There are a number of industries environmental technicians might find work in, including waste management, consulting and engineering services. An associate's degree is preferred by employers, though certificate and diploma programs generally prepare graduates for entry-level positions.
Environmental technicians use special instrumentation and technology to monitor and control environmental pollutants. Environmental technology programs are most commonly offered as associate's degrees or certificate programs, and students may be able to specialize in areas such as solid waste or wastewater treatment, among others.
|Required Education||Certificate, diploma or on-the-job training; associate's degree is preferred|
|Projected Job Growth||10 between 2014 and 2024 (all environmental engineering technicians)*|
|Median Salary (2015)||$48,650 (all environmental engineering technicians)*|
Source: *U.S. Bureau of Labor Statistics
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Environmental Technician Education Requirements
Most employers require at least a diploma or certificate for entry-level positions in environmental technology, though on-the-job training may replace some education requirements. According to the U.S. Bureau of Labor Statistics (www.bls.gov), employers prefer to hire individuals with an associate degree, such as an Associate of Applied Science in Environmental Technology.
Degree Program Information
Environmental technology programs prepare graduates for entry-level jobs in the environmental service fields or in manufacturing and industry. Students select associate degree or certificate programs where they learn how to take field samples, maintain wastewater treatment systems or properly dispose of solid or hazardous waste in ways that meet local, state and federal regulations.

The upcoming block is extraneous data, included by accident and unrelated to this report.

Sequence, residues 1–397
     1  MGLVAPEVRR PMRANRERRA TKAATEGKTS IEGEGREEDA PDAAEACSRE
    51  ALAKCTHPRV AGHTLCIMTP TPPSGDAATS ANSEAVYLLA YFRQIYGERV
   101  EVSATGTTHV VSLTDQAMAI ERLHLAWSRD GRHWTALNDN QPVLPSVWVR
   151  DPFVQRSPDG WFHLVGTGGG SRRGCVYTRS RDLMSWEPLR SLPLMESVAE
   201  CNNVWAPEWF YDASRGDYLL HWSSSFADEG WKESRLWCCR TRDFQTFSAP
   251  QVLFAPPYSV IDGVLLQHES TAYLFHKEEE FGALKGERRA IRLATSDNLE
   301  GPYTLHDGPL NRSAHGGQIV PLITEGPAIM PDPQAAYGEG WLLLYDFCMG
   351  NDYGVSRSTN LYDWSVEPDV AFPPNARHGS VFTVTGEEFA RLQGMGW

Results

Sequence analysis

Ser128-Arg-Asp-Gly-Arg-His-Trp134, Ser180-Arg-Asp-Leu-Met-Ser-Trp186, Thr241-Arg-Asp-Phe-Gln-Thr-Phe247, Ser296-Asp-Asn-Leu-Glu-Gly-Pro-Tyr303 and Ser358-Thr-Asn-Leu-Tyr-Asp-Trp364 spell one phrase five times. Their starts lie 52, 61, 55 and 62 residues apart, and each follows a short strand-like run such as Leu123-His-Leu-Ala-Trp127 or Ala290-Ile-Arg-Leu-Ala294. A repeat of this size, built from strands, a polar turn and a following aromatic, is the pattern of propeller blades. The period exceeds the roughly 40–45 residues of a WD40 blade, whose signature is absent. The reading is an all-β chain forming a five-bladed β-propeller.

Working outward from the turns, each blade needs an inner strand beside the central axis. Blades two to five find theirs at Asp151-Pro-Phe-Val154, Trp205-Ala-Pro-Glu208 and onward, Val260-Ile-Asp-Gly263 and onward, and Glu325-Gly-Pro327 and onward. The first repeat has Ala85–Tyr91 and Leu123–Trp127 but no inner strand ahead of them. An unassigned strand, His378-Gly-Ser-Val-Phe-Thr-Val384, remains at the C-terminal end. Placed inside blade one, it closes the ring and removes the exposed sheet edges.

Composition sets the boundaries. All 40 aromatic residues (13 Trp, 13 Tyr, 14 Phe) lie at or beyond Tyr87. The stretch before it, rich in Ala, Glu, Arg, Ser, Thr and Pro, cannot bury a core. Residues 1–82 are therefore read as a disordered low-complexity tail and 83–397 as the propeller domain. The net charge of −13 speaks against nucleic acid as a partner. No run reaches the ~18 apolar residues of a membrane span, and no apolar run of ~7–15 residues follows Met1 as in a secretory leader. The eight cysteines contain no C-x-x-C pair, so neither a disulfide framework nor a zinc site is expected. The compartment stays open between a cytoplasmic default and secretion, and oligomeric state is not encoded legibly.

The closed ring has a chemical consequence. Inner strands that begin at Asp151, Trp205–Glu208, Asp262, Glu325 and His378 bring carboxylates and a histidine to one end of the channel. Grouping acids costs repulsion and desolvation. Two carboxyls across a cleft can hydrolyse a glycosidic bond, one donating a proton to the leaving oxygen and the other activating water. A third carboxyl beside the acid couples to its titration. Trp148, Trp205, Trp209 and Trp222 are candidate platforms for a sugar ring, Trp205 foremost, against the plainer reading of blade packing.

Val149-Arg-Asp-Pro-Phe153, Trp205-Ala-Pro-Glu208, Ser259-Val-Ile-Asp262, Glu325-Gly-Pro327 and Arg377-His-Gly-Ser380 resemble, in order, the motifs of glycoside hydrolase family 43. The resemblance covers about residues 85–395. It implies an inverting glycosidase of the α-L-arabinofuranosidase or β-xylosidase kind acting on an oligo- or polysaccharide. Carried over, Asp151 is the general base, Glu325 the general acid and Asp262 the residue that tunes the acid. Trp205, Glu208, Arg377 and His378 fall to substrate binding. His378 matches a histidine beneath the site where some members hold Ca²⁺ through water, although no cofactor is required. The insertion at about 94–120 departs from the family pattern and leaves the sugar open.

Associate degree programs begin with coursework in chemistry, geology and biology. Environmental science classes follow and can include topics in geology, hydrology, soil science and environmental law. It is in these courses that students learn how to take air, soil and water samples, record results and analyze readings.
Many environmental technician programs also require students to complete coursework in global positioning or geographic information systems (GIS). Often, students gain experience surveying and mapping collection sites with GIS technology through field experiences or internships.
Some technical and community colleges offer certificate programs or degree concentrations specializing in either hazardous materials or wastewater treatment. Hazardous materials programs train students how to properly store hazardous waste or respond to waste spills. Certificates available include environmental compliance or soil compliance.
Wastewater treatment programs focus on maintaining and monitoring technologies used to treat water for reuse or disposal by public utilities. Coursework may include water chemistry or additional hydrology courses. In many states, wastewater treatment certificate programs prepare students to pass licensure exams or complete continuing education credits required of water treatment operators.
Understanding the projected job growth is an important factor when considering a career as an environmental technician. Choosing an area of concentration to study while at school should also be considered; specializations in the field include dealing with hazardous materials and wastewater treatment.